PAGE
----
Introduction

Are oranges, cashew nuts and coffee mugs part of the history of human rights?1 From the late 1960s onwards, many human rights activists, supporters and ordinary people thought so and began to act accordingly. They stopped buying wine, fruits and tea from South Africa and Chile, checked supermarkets for deceptive labels and declarations and bought clothes, jewellery and everyday items to express their support for human rights campaigns. In this way, consumer products became an important means to translate human rights discourse from the sphere of international law and politics into the sphere of civil society and everyday life. Consumer products can therefore help us to better understand the processes through which human rights issues became intertwined with individual lifestyles.

In this article, I use a material culture studies approach to analyze these phenomena. Yet in contrast to some theoretical approaches, I argue that these consumer products can only be properly analyzed in close relation to the social practices that were connected to them. Since most of the products did not differ significantly from similar products from other countries or companies, it was essential for human rights campaigns to attach a symbolic meaning to the objects and to trigger certain emotions and moral sentiments. My case study thus adds to recent research on the material culture of mass consumer products and everyday commodities.

Consumer products can also shed new light on the transformation of human rights activism in the 1970s and 1980s. During these decades human rights campaigns began to infiltrate everyday life and to influence individual political and moral sentiments and affiliations. While the significance of this development has often been acknowledged, such changes in individual mentalities are difficult to grasp. Recent scholarship has pointed to changes in media structures, communication technologies and visual cultures to explain these phenomena. The widespread use of consumer products in human rights campaigns can add to this explanation. While I will show in the first part of this article that some material objects have already come into the focus of human rights historiography, it is fair to say that the material culture of human rights has not yet been an object of substantial analysis. The aim of this article is not to offer such a comprehensive account. Instead, I will concentrate on the way in which mass consumer products became means of political protest in Western consumer societies in the 1970s and 1980s. Nevertheless, I will also outline some more general ideas about the prospects of applying a material culture studies approach to human rights history.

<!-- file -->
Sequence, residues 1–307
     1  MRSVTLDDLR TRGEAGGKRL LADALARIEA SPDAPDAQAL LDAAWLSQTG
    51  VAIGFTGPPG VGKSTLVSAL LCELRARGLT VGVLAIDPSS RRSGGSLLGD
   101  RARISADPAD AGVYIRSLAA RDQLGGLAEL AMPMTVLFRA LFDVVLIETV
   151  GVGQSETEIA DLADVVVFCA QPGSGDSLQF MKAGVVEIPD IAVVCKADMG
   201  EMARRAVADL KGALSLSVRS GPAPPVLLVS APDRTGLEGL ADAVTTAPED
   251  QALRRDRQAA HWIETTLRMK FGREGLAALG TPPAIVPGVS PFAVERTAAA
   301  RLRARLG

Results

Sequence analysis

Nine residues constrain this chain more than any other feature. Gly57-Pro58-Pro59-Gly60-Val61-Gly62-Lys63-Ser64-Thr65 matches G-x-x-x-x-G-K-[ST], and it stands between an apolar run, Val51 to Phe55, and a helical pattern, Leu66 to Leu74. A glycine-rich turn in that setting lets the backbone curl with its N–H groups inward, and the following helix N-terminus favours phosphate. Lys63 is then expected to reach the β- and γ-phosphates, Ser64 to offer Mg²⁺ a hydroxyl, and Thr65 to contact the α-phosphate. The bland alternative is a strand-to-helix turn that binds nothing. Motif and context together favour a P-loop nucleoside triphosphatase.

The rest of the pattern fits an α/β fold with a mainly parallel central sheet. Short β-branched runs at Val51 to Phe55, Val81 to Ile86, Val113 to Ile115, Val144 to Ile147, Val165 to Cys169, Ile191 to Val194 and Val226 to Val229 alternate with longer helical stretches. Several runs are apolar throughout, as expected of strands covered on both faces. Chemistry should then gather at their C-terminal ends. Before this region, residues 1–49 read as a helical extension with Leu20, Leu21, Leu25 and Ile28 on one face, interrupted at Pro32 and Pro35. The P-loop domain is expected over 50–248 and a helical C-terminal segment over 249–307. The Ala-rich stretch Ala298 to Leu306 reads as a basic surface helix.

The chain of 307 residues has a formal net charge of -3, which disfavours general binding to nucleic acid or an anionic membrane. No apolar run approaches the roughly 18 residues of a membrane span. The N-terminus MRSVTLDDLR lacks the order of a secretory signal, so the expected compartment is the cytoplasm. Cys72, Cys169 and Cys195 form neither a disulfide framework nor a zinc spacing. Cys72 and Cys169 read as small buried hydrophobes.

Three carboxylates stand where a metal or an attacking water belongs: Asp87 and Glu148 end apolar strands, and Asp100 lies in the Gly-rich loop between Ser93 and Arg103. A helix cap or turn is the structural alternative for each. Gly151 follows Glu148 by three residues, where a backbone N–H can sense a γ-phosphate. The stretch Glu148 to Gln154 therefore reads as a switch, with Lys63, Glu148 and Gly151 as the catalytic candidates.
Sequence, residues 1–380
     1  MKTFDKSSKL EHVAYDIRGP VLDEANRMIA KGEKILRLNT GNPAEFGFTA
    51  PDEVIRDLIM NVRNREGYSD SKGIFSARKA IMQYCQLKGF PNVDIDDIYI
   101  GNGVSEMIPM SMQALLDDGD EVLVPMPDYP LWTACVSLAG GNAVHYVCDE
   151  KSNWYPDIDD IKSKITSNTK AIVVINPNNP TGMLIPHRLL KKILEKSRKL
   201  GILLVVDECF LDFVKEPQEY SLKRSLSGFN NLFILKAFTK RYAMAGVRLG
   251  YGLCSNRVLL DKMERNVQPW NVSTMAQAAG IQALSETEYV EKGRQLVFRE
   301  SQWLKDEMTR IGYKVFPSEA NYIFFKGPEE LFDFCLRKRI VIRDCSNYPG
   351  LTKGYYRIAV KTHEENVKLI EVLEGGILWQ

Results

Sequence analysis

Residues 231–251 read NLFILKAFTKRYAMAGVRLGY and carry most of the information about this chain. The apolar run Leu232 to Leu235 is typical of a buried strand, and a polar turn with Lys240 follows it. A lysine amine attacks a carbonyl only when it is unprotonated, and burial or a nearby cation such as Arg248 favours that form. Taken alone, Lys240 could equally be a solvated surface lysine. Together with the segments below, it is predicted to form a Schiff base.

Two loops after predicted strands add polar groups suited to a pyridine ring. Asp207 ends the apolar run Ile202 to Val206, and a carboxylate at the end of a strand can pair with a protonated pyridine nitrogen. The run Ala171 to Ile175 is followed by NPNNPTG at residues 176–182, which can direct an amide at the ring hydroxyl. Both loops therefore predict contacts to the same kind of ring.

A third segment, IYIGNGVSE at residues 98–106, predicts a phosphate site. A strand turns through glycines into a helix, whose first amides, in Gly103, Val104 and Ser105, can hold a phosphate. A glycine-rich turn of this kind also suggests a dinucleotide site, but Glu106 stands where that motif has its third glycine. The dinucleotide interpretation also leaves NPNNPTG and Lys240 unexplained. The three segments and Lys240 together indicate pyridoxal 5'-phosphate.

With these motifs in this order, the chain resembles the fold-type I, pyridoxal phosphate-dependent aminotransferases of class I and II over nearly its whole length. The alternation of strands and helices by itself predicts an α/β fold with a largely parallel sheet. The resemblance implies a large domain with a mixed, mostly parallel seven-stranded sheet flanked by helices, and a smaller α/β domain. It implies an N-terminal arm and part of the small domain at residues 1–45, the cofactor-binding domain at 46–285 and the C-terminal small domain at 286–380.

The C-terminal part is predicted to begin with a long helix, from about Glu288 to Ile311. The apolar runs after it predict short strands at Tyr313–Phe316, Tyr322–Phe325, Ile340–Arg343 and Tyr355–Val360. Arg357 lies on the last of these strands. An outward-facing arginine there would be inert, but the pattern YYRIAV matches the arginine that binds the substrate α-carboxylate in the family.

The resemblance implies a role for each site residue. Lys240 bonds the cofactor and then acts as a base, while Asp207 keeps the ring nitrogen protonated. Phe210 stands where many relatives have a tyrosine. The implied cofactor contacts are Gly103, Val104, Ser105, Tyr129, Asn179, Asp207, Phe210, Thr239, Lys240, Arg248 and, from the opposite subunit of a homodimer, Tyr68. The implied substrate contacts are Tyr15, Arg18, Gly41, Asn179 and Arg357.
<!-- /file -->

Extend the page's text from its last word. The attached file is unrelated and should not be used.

The article is divided into three parts: First, I will refer to some material objects that have already come into the focus of human rights historiography and I will outline some theoretical approaches that could be used for a more profound analysis of such objects. In the second part, I will argue that material objects became particularly important in the context of a mediatization of human rights in the 1970s and 1980s. In the third part I will turn to the empirical case study of my argument. This section focusses on the relationship between consumer cultures and human rights campaigns by analysing the use of consumer items and the implementation of boycotts by the British Anti-Apartheid Movement.

Material Culture Studies and Human Rights Historiography

The historiography of human rights has in the last years broadened its focus beyond the fields of political history, diplomatic history and the history of international relations. Instead of exclusively focusing on the negotiation and adoption of human rights declarations and international agreements and their (more often than not absent) procedures of legal implementation, recent scholarship has begun to focus on the question of how and under which circumstances human rights terminology has influenced public discourse and how it gained popular support in different social and political contexts.2 Scholarship has thus focused for example on the important impact of NGOs and human rights campaigns,3 on the influence of media and visual cultures,4 on the links to more general changes in moral sentiments and religious affiliations,5 or on the attempts to create symbols, rituals and other forms of remembrance for human rights traditions.6

Human rights historiography is therefore a good example for the first aim of this special issue to broaden the concept of ‘the political’. As I will argue, it is also a good case study for the second aim, namely to include the dimension of material culture and materiality in such a reconceptualization.

There is no doubt that material objects have played an important role in the history of human rights. This is true for the letters that members of Amnesty International wrote to prisons and government offices all over the world, for the postage stamps that national governments released to commemorate the annual Human Rights Day, or for the buttons, posters and coffee mugs carrying the portrait of Nelson Mandela that can still be found in thousands of apartments in Europe and North America. As these examples show, the history of human rights is not limited to a history of legal texts and government declarations, but also includes numerous everyday objects that infiltrated the social sphere and the private lives of very different groups of people. Even the Universal Declaration of Human Rights might be seen in a new light if it is not solely interpreted as a text, but also as a material object to be found in different social settings. What does it mean, for example, when a hotel chain puts a printed version of the UN declaration in all of their hotel rooms, symbolically replacing the bible as the moral foundation to be found in a hotel bedside table?7